Giving guests their privacy is a calling card she shares with Villa d’Este’s top brass, Jean-Marc Droulers. But even Salvadore can be put to the test from time to time. When guests pestered Robert De Niro for autographs during one of his stays, he threatened to leave if the hotel staff did not put an end to it. They obliged by putting up a makeshift tent, but Salvadore wondered, “He’s a great actor. How did he become famous? Because of his public.”
Bette Davis, who visited Villa d’Este in 1988 for a celebration of the 60th anniversary of the Academy Awards, put her through the paces too. “What an honor it was to sit and chat with her. As a person, she was impossible, but I was fascinated by her and we became quite friendly,” Salvadore said. “She once said about marriage, though she never put it into practice, ‘The only way to keep a marriage going is to have one big bed and two bathrooms.’”
While heading up TWA’s public relations, she wrote a column for Amica and often used her flight privileges to travel for the magazine. For an assignment about the 1962 Academy Awards, she planned to travel with Sophia Loren, a best actress nominee for “Two Women.” But the screen siren balked when Salvadore rang her up to offer to accompany her. “She said, ‘I will only go if I am assured I’ll win.’ I said, ‘You’re not being a good sport. That is no way to behave. Who do you think you are?’” Salvadore said.
As luck would have it, she found good company in Paul Newman, who happened to be in the first-class cabin with his wife, Joanne Woodward, on the flight from Rome. The actor was more than happy to chat once his wife, a jittery flier, dozed off. Salvadore said, “First we have to get Joanne to sleep. I don’t know what he gave her, but he knocked her out with something.”
Salvadore’s recollections are peppered with these and other insiderish asides, such as how Robert Mitchum “could tuck away quite a few drinks,” and how Davis (“Miss D” to friends) nearly cried before leaving Villa d’Este. A few years back, Salvadore struck up a conversation with a newcomer to Lake Como, who, unbeknownst to her, was George Clooney.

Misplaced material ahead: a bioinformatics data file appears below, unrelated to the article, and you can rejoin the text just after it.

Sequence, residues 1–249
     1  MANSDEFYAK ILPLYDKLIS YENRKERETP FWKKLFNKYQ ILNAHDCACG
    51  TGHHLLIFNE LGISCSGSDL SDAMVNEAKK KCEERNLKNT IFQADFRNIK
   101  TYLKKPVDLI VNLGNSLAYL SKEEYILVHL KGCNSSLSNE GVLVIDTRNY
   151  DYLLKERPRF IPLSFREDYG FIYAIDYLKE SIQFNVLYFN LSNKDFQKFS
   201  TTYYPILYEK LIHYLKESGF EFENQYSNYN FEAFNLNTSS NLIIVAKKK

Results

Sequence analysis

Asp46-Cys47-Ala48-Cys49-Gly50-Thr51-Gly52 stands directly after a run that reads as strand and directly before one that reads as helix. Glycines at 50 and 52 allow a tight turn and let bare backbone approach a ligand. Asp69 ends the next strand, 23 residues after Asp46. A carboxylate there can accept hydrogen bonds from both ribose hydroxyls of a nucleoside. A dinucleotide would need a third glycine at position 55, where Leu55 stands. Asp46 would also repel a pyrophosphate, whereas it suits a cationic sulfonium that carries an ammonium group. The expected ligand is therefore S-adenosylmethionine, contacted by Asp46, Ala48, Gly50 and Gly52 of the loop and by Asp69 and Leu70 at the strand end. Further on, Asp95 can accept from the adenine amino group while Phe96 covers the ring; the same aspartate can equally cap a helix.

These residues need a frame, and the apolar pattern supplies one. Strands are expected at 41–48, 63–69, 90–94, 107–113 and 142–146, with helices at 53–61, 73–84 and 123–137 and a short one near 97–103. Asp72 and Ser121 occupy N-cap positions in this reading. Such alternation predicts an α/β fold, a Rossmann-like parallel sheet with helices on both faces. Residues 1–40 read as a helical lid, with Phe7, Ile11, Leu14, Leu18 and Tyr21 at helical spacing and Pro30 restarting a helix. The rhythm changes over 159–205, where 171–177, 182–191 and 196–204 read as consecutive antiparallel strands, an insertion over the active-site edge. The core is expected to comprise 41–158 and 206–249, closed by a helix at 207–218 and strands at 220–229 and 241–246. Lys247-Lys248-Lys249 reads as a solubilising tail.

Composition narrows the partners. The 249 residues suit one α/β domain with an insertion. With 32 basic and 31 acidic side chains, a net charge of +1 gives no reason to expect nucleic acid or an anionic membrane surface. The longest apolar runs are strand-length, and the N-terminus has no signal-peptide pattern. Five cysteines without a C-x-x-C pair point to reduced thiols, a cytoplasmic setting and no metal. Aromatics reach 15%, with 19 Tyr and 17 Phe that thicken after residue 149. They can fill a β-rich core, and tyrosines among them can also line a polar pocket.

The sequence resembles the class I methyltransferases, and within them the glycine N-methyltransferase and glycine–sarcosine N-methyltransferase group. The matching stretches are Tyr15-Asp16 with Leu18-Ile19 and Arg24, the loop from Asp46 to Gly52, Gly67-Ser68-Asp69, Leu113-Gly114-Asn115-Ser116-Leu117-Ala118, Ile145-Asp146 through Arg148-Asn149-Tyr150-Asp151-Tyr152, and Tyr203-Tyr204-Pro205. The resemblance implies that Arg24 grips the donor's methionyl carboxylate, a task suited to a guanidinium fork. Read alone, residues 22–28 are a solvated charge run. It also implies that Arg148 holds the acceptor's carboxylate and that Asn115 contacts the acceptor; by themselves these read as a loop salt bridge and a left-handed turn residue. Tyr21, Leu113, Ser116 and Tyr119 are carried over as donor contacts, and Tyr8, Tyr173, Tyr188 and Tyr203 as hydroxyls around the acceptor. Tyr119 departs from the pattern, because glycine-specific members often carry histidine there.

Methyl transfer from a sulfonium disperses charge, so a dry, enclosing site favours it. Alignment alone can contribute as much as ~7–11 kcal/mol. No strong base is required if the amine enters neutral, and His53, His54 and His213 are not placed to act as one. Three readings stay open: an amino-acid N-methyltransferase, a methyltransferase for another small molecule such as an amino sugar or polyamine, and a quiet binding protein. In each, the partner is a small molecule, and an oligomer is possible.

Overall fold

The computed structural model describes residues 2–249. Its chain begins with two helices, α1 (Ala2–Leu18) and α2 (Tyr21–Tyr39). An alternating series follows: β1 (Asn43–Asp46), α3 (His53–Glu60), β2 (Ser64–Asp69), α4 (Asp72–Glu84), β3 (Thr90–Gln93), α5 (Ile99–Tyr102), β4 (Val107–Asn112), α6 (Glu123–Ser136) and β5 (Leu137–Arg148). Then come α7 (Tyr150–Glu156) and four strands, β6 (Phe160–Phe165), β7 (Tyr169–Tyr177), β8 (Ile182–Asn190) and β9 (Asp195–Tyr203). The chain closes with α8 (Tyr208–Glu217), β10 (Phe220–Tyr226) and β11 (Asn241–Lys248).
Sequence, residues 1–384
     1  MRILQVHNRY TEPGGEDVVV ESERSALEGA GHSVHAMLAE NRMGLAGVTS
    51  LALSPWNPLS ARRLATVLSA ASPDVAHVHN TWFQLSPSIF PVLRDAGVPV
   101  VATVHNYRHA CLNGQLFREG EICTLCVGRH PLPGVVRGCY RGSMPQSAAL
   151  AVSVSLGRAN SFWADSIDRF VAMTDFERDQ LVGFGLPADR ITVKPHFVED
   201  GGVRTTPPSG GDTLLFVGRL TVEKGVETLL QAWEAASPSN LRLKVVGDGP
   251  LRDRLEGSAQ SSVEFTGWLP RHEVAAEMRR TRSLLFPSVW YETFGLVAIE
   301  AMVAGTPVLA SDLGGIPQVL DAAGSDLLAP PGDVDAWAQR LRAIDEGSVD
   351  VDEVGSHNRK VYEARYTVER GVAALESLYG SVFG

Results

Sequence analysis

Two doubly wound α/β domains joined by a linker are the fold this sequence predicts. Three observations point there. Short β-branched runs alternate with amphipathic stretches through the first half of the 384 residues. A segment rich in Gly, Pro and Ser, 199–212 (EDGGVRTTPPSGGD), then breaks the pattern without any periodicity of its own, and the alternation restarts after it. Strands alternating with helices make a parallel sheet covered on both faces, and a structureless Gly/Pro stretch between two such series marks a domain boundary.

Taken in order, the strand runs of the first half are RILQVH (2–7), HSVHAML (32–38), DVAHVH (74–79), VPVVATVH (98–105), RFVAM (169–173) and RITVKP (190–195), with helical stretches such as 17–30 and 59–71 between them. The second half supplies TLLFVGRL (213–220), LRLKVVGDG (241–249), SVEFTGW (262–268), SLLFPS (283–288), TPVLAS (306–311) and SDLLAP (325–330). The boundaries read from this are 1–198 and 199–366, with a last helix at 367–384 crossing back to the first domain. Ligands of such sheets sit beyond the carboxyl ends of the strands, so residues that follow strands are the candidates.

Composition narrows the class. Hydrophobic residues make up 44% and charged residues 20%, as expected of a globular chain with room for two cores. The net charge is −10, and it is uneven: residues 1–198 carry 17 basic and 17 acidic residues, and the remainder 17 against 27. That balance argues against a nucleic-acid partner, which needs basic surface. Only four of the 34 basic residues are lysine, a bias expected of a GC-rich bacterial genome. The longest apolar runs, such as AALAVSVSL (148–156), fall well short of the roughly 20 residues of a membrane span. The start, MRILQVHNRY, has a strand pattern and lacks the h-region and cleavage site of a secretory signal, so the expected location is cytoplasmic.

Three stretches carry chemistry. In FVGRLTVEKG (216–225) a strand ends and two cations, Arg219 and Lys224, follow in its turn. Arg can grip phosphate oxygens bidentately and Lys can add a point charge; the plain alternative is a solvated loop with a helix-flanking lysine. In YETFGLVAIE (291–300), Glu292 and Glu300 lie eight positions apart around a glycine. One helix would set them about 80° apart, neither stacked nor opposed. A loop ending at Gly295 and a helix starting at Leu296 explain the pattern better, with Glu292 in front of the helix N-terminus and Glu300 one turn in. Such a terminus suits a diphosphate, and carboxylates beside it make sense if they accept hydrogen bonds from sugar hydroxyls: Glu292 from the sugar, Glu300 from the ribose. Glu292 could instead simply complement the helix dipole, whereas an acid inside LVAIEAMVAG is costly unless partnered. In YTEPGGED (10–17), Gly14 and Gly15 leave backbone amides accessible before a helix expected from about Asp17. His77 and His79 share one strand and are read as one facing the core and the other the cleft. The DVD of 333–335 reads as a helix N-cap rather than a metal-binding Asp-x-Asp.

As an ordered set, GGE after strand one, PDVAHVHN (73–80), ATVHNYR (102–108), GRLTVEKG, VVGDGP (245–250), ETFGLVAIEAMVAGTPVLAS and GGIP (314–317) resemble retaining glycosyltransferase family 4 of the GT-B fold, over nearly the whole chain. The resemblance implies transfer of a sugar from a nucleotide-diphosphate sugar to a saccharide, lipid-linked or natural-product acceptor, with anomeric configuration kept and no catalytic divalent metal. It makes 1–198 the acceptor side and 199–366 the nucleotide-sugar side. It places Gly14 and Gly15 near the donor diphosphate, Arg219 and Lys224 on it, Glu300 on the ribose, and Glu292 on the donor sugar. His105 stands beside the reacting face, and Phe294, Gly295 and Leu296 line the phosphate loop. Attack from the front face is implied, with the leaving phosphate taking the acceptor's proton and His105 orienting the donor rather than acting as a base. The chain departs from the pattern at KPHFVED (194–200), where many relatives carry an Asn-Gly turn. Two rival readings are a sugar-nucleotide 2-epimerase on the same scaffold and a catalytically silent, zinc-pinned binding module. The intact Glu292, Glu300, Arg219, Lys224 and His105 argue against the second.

She was less welcoming years ago when Gianni Versace kept her and photographer Slim Aarons waiting for hours for a portrait. Aarons, whom Salvadore had not seen since they had first met, on the day after Rome’s liberation, when he was a war correspondent, was on assignment and staying at Villa d’Este. “Villa Fontanelle [the late Versace’s home at the time] is just around the bend from Villa d’Este. His majordomo showed us in, and we sat and we sat and we sat. I thought, What has happened to this guy? Finally he showed up,” she said, extending her arms theatrically, like an actor taking a bow. “I was so furious that I walked out. I told him, ‘This is a great American photographer you have kept waiting. No excuses,’” she said. “Slim was a perfect gentleman, and he told me he would stay. It wasn’t for me that I was so angry. All my life I have had to stand in lines for things. It was for Slim.”
Such dustups were few and far between. Having had a marriage of 40-plus years, two “wonderful” children, globe-trotting, an apartment in Rome, a villa in Fregene and now a permanent address that overlooks a lake that many remember fondly years after they have visited, Salvadore has good fortune that many can’t be faulted for envying. “People always say, ‘You’re so lucky.’ Yes, I was lucky, but I worked hard at it,” she said. “That’s not nice to say. But if I love a person, I go all out for them.”